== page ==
[EM] Sainte-Lague vs d'Hondt for party list PR

Michael Ossipoff email9648742 at gmail.com
Sat Jul 14 16:30:24 PDT 2012

On Fri, Jul 13, 2012 at 3:39 AM, Juho Laatu <juho4880 at yahoo.co.uk> wrote:

> I think you are making the question quite complex and quite detailed.

Speaking detailedly and specifically is necessary. You're saying that
you want to ignore details. That won't do.

You said:

 I also don't know if this is a reply to something specific that I
said or just general observations on what kind of systems I might


It's both. It's based on what you said about what your goal is.

You said:

> One basic approach that I find quite decent is the idea that if one wants to have accurate proportional representation, then n% of the votes should lead to approximately n% of the seats.


I showed in my previous post that, if you want n% of the votes to get
n% of the seats, that an only be achieved by making the parties' s/q

You said:

That in a way says something about the roots of the idea of
proportional representation.



You asked:

Is this a helpful definition of my rough approach or should I say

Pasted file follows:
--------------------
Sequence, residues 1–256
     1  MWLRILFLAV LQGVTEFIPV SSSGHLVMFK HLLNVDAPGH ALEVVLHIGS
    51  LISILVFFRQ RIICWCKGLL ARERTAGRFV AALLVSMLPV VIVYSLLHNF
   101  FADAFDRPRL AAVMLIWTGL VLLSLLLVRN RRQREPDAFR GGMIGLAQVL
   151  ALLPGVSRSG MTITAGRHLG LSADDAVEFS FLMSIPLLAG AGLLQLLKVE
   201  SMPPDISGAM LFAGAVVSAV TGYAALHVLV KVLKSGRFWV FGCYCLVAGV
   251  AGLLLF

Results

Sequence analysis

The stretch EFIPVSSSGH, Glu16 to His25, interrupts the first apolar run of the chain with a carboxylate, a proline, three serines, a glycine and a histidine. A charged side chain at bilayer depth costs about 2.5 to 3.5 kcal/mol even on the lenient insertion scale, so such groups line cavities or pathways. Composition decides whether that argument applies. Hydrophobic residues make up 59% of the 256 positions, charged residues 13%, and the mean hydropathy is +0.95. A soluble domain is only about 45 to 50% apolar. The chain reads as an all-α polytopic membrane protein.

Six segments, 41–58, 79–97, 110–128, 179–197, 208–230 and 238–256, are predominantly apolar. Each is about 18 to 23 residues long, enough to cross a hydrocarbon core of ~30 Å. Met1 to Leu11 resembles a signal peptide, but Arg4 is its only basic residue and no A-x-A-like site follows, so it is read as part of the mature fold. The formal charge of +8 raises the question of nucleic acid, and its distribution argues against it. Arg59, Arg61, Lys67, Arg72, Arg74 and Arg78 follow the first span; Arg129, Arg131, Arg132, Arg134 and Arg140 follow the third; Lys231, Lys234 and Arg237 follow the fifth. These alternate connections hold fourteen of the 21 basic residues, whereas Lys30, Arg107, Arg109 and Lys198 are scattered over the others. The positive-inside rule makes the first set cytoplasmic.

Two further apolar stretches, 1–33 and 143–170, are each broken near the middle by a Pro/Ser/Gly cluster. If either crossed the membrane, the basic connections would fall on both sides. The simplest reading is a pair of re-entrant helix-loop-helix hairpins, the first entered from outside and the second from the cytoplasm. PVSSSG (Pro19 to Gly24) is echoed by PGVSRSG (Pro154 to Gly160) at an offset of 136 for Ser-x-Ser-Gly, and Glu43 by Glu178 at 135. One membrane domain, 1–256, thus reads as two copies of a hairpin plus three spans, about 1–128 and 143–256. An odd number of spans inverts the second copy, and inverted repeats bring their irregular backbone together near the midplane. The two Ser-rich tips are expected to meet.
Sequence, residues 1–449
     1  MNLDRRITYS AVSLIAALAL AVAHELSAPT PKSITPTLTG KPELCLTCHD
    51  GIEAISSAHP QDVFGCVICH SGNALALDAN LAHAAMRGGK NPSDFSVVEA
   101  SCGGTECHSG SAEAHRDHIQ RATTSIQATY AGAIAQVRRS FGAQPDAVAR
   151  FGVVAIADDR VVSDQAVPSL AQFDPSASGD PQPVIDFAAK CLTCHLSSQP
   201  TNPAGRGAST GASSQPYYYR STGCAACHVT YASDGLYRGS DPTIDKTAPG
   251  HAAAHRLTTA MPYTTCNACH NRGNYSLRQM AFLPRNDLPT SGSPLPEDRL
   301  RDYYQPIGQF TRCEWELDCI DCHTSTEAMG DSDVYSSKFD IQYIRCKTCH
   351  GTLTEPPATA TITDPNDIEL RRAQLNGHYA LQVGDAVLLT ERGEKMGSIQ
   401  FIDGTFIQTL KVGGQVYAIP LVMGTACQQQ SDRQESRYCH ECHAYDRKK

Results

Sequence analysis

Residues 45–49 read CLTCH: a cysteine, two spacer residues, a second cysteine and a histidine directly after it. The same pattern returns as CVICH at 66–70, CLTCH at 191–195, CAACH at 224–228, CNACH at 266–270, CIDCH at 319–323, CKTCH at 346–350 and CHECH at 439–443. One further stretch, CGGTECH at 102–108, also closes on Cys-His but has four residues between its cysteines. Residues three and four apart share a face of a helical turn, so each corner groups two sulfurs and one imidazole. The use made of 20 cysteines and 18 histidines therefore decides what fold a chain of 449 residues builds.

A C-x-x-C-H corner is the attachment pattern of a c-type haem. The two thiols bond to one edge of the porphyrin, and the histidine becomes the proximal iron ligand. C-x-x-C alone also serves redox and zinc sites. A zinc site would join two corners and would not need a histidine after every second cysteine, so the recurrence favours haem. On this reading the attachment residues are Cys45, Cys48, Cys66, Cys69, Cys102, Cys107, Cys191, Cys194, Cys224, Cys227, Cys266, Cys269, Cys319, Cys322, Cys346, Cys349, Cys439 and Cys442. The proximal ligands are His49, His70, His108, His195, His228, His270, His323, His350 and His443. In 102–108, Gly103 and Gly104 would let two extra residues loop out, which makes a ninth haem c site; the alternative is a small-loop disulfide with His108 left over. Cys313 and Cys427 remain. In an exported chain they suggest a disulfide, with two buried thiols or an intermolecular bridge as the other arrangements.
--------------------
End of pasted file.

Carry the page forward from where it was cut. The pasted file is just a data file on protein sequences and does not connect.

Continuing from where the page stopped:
something more?


Yes, that's a sufficient definition of your approach. No, you've fully
specified it and no more description is needed.

And your goal is another way of saying that you want the s/q to be
equal. That's what SL does. It puts each party's s/q as close as
possible to the ideal equal value of s/q.

Below is where Juho quoted one of my arguments.

Mike Ossipoff

> Juho
> On 13.7.2012, at 2.50, Michael Ossipoff wrote:
>> Juho:
>> Let me put it this way:
>> You like the Hare quota, calculated based on the preferred house-size.
>> Total votes divided by the preferred total number of seats.
>> If you like the Hare quota, then would you object to putting each
>> party's seats as close as possible to its number of Hare quotas?
>> If you object to that, then please tell why.
>> If you don't object to it:
>> Remember that that Hare quota was based on a preferred (but ultimately
>> not required) total number of seats for the parliament. Do you think
>> that if we had "preferred" a different number of seats, that would
>> somehow be less fair? ...that the resulting allocation would be less
>> fair?
>> If not, then you agree that the Hare quota isn't privileged as a divisor.
>> So, if you liked putting the parties' seats as close as possible to
>> their Hare quotas, the result of dividing their votes by the Hare
>> quota, then how could you not like, just as much, putting the parties'
>> seats as close as possible to the result of dividing their seats by
>> some other divisor? (We could call that other divisor the Hare quota,
>> based on some different preferred (but not required) house-size)
>> Mike Ossipoff
>> .
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